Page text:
Episode 58 – Brutal Football

Download Mp3 (right-click and Save As)

Thanks to Gary Hucker for the ZX Spectrum!

Thanks to our supporters: Rob O’Hara, Paul Harrington, Laurent Giroud, Loggins, Jonas Rullo, Kolbj?rn Barmen, Tapes From the Crypt,  Adam Bradley, Chris Foulds Will Williams Daniel Bengston, O’Brien’s Retro and Vintage, Chad Halstead, and Brent Doughty! 

Next week’s game is Battle Squadron!

2 thoughts on “Episode 58 – Brutal Football

  • September 3, 2016 at 11:15 am
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    Great to see you've got a Spectrum! I use an iPod to load the games. There is some free software called Tape2Wav that you drop Spectrum tap files onto and it creates wave files that you can play from your PC, ipod, phone, etc. I convert mine to mp3s to save space.

    That reminds me. You mentioned the Retro Gaming League that Chris Foulds told you about. I co-run that with someone else, and I use my Spectrum and any other real hardware I have to play the games that are picked. This week I'm playing on my VCS, though a lot of the time we play MAME games, so I emulate those. Everyone is welcome: http://w11.zetaboards.com/RetroLeague/forum/35045/

    Oh, and I nearly forgot to mention the singing! It was stunning 🙂

  • September 5, 2016 at 2:13 pm
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    Aaron, that pic of you cradling the precious Speccy brings a tear to my eye *sniff* 😀 What a fantastic gift! – happy belated birthday wishes btw. I can't wait to see you get that up and running. My recommendation for games to kick off with would be Rainbow Islands, New Zealand Story, Batman, Midnight Resistance, Pang… are you seeing a pattern developing here?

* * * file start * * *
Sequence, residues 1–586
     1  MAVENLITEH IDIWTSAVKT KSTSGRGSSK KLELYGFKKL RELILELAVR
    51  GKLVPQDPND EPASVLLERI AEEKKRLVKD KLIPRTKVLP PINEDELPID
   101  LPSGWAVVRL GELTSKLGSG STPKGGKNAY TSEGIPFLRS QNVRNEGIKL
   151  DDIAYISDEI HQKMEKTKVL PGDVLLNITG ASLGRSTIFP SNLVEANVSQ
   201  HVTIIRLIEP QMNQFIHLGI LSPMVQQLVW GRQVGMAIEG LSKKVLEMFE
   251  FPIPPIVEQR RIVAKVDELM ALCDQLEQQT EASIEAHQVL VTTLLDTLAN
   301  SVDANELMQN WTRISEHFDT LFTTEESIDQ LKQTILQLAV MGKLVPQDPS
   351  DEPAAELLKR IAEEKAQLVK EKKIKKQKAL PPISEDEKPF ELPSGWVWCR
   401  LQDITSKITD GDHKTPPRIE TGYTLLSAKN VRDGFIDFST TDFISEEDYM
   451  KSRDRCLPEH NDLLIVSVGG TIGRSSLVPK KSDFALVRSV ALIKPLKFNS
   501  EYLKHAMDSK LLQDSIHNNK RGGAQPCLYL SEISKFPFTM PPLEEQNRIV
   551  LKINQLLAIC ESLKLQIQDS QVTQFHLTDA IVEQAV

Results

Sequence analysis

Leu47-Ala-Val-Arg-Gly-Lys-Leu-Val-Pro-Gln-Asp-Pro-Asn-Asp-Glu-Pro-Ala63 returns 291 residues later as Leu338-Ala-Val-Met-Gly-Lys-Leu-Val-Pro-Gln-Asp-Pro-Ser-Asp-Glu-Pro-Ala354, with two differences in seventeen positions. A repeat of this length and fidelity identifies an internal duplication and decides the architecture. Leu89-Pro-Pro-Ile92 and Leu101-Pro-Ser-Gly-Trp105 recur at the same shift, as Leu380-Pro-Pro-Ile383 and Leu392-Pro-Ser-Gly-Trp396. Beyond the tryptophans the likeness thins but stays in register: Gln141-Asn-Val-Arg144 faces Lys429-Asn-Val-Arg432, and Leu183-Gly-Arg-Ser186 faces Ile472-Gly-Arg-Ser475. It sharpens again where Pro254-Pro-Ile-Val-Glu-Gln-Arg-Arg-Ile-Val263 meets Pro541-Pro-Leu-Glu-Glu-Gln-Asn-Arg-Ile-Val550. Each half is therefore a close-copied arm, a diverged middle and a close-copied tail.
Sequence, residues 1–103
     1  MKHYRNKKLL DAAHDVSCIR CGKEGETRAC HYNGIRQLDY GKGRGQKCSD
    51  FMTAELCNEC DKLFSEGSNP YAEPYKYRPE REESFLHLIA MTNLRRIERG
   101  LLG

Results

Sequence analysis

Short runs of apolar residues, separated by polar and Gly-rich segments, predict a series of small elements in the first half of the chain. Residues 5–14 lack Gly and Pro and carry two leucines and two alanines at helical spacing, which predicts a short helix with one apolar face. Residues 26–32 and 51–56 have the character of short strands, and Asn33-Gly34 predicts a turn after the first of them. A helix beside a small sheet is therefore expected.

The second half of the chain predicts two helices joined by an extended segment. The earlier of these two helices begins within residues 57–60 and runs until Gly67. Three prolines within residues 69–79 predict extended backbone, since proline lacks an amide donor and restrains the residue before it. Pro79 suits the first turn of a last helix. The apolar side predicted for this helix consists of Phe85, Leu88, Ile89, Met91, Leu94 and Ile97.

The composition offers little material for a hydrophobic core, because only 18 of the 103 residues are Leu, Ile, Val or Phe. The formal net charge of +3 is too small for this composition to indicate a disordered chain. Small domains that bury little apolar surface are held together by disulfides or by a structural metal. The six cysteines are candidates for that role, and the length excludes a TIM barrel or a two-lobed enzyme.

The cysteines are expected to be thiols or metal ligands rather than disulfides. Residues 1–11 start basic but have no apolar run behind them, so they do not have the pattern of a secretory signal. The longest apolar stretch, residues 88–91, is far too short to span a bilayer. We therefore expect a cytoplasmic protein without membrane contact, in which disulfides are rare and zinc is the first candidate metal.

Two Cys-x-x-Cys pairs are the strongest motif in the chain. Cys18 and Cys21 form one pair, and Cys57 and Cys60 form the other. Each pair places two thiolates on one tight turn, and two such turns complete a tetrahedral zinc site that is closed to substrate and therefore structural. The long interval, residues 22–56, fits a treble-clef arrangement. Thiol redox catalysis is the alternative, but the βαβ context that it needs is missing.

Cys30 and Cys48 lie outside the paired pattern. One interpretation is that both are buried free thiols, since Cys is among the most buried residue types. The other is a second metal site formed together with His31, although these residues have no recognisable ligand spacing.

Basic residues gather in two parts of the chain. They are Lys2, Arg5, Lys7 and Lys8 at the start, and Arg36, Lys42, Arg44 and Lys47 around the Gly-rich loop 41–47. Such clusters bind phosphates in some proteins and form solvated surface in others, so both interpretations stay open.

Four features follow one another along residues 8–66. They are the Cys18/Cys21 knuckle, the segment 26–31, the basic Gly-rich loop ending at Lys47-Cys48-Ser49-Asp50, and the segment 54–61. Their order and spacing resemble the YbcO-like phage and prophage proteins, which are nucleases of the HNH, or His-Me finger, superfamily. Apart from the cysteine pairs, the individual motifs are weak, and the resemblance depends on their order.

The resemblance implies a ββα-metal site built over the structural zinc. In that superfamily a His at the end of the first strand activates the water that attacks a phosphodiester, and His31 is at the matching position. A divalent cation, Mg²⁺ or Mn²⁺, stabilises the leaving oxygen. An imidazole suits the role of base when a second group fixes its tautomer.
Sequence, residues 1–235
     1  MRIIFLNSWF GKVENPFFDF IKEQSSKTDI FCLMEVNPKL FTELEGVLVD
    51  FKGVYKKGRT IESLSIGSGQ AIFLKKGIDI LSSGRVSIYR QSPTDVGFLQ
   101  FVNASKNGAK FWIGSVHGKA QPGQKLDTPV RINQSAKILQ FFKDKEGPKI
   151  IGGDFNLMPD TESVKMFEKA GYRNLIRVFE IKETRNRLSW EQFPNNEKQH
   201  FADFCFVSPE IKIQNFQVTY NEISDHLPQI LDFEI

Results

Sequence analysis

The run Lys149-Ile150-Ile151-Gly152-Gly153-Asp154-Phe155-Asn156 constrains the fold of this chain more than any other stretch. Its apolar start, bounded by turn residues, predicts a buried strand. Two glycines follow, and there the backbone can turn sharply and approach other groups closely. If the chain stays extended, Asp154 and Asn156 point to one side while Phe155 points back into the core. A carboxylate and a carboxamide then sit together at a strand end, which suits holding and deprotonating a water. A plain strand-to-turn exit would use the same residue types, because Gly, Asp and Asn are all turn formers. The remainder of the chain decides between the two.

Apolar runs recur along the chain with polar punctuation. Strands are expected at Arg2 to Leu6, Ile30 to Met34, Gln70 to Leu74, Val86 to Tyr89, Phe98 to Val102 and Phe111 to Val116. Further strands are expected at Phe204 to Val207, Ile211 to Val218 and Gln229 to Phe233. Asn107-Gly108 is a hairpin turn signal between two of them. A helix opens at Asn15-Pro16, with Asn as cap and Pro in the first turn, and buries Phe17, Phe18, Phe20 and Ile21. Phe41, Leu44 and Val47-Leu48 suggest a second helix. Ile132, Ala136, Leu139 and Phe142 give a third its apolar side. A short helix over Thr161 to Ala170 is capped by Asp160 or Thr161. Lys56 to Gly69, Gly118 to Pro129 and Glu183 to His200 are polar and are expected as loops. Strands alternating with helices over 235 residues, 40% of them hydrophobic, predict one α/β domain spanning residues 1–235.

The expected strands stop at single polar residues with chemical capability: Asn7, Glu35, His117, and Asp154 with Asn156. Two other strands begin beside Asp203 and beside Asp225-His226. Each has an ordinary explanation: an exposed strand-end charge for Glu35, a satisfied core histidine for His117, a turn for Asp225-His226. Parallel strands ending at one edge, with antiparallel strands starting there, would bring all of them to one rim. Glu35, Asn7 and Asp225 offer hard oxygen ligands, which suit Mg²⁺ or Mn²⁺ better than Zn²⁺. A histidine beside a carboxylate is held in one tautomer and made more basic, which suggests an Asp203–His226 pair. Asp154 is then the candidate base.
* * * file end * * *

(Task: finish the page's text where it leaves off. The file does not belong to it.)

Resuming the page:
I had the Amstrad 128k +2 model as a kid with the built-in cassette player or datacorder, if you like. The +3 model came with a built-in 3" floppy disk drive, also courtesy of Amstrad who bought out Sinclair when they were struggling financially.

    FXP wasn't a typo, it stands for File eXchange Protocol; a means of transferring data between two remote FTP sites without employing the instigator's connection.

    A lot of surface-level warez trafficking went on via web sites linking to spanned archives hosted on freebie servers, but the more reliable and quicker way to spread releases was via FXP. The resulting FTP site IPs were traded or shared freely on bulletin boards where they could be harvested with a dedicated FTP client rather than a web browser.

    FTP still worked via dial-up if you had a client/download manager that supported the resume function, you'd just leave your computer running over night to complete downloads… assuming you weren't paying your ISP by the minute!

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